Let's start with a game of spot the difference. The picture on the left was taken in the mid to late 70s. It's me & my brother (I'm the one who hasn't learned how to fold his arms yet - I didn't figure it out till I was about 10 years old - true fact). The one on the right has been treated to make it look a little bit like it was taken in the mid to late 70s, but as it's my wife and kids at roughly the age they currently are, it can't have been.
As well as a chance to share an embarrassing photo and even more embarrassing fact, this is also by way of an admission that I too have been taken in by the craze for 'faux-vintage' photos. The craze is nicely anatomised by Nathan Jurgenson in The Society Pages. The post went up about a year ago but was recently pointed out to me by a friend on Twitter, and gives me a good excuse to adjoin some brief thoughts to the talk I posted a couple of weeks ago. I was painfully aware at the time that I already had too much for ten minutes in front of a crowd, but to talk about digital remembering and not to mention this phenomenon did feel remiss.
My focus in this field tends to be structural - noticing the ways in which we are (sometimes, and patchily) getting better at structuring our data and thinking about future retrieval as an issue. But a corollary of our focus on the accessibility and structure of what Jurgenson describes as 'our present as always a potential documented past', is a focus on the style of the past. In other words, we have, for a variety of reasons, become increasingly aware of the dimension of time in our digital lives. But this is only partly about practicality - I would argue it is also to do with an emotion, quite possibly born of very modern socio-economic anxieties, of wanting to preserve and retrieve what we value. And in the second part of that - retrieval - we focus on style as well as practicality, turning to the surface of the past to give comfort to troubled contemporary lives.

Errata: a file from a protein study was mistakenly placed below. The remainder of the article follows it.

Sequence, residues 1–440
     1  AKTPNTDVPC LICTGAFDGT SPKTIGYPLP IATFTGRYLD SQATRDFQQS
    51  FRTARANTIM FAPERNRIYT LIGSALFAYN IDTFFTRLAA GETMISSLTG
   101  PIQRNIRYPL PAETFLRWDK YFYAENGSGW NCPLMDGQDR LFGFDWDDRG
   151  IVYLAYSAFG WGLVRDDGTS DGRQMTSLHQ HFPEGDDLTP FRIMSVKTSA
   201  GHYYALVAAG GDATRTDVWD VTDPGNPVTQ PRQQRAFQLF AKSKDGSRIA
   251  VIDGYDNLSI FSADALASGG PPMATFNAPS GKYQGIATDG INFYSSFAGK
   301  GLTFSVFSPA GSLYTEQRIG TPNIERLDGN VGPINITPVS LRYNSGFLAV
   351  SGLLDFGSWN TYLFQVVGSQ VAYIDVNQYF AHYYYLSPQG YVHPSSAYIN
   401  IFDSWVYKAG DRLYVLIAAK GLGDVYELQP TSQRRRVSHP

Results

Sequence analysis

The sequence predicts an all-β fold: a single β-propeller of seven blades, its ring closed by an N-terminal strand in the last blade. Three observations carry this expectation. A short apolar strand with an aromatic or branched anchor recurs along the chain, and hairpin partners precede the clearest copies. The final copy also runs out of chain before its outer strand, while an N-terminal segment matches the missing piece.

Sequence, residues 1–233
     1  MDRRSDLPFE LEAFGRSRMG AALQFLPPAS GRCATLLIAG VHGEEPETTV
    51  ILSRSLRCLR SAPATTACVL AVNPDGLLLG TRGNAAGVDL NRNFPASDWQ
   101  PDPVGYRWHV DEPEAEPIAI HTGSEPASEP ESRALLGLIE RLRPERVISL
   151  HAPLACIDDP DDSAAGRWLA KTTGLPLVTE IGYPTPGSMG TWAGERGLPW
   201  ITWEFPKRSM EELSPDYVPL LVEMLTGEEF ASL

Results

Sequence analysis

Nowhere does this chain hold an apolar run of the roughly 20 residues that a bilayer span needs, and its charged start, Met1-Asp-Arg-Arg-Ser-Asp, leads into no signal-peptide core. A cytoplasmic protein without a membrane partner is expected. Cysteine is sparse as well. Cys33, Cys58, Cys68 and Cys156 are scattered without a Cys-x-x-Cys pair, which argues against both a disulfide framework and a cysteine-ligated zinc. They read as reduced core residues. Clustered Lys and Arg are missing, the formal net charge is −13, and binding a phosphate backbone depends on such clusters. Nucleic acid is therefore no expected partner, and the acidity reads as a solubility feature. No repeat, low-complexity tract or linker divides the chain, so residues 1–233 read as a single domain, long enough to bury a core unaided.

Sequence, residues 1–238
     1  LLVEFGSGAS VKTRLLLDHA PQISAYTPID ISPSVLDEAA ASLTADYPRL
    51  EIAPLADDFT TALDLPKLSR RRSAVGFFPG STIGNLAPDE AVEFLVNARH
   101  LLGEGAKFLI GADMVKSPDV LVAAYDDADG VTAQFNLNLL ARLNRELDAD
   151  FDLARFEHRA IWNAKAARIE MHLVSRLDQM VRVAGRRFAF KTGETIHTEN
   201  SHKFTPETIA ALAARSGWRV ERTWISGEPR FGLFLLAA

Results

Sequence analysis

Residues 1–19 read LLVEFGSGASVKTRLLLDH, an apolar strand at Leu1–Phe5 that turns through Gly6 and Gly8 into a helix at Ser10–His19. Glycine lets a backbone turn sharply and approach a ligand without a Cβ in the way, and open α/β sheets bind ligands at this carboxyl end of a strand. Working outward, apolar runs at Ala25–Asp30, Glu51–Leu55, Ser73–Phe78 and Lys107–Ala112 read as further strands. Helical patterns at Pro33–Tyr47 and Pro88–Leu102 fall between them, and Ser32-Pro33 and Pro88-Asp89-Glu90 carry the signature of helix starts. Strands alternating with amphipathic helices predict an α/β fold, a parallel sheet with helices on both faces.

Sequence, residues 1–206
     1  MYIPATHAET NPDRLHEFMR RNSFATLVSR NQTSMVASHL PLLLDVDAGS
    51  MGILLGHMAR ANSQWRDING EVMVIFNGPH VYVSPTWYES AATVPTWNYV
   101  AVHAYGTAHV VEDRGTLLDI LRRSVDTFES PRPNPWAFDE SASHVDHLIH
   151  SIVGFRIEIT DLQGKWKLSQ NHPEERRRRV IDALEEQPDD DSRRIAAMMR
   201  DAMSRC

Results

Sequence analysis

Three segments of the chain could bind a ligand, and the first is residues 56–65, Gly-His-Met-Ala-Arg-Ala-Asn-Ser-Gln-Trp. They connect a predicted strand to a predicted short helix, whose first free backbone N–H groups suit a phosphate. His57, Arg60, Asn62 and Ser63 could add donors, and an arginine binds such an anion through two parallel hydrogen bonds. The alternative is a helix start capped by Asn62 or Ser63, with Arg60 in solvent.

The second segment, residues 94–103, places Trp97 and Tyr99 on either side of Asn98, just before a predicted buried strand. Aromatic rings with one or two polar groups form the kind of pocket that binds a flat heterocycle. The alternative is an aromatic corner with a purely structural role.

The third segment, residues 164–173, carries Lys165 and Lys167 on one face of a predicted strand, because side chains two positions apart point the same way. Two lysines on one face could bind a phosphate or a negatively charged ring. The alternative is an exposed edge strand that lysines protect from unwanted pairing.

More precisely, rather than worrying about future retrieval of the substance of the present, we reach for an instant retrieval of the style of the past.
Jurgenson has some good things to say about 'documentary vision' - how that sense of the lives we are living as constantly available for digital documenting, preserving and sharing can rob us of full presence in the her and now. (We might add the word 'narcissistic' to his phrase.) And his assertion that
Faux-vintage photos devalue and exhaust their own sense of authenticity, which portends their disappearance
is surely incontestable. As Justin put it when we were chatting about this the other day - what on earth will our children make of our 70s style pictures from the 2010s when they look at them 30 years from now (that's assuming they can still access them).
One key thing I think Jurgenson missed, though, is what I referred to in an earlier post as 'the paradox of Instagram': Instagram is interested in creating instant authenticity though nostalgia, but at the same time it is part of a trend away from creating structured metadata and archiving systems around our social content. Compare the organisational possibilities of Flickr (tags, sets, collections, groups - you name it) with the radical simplicity of Instagram. Users might be obsessed with the past in one way - but they are also getting a bit fatigued with the complexity of last decade's user experiences, with their complex classification and retrieval systems - thus Tumblr, Pinterest and so on. It's going to be interesting to see how Instagram's life as a separate product and network under Facebook's tutelage is going to develop - one way to read the acquisition is as a collision of very complicated with very simple systems.
Anyway - all I really meant to say is that the essay is well worth a read. Finally, here is a bit of fun.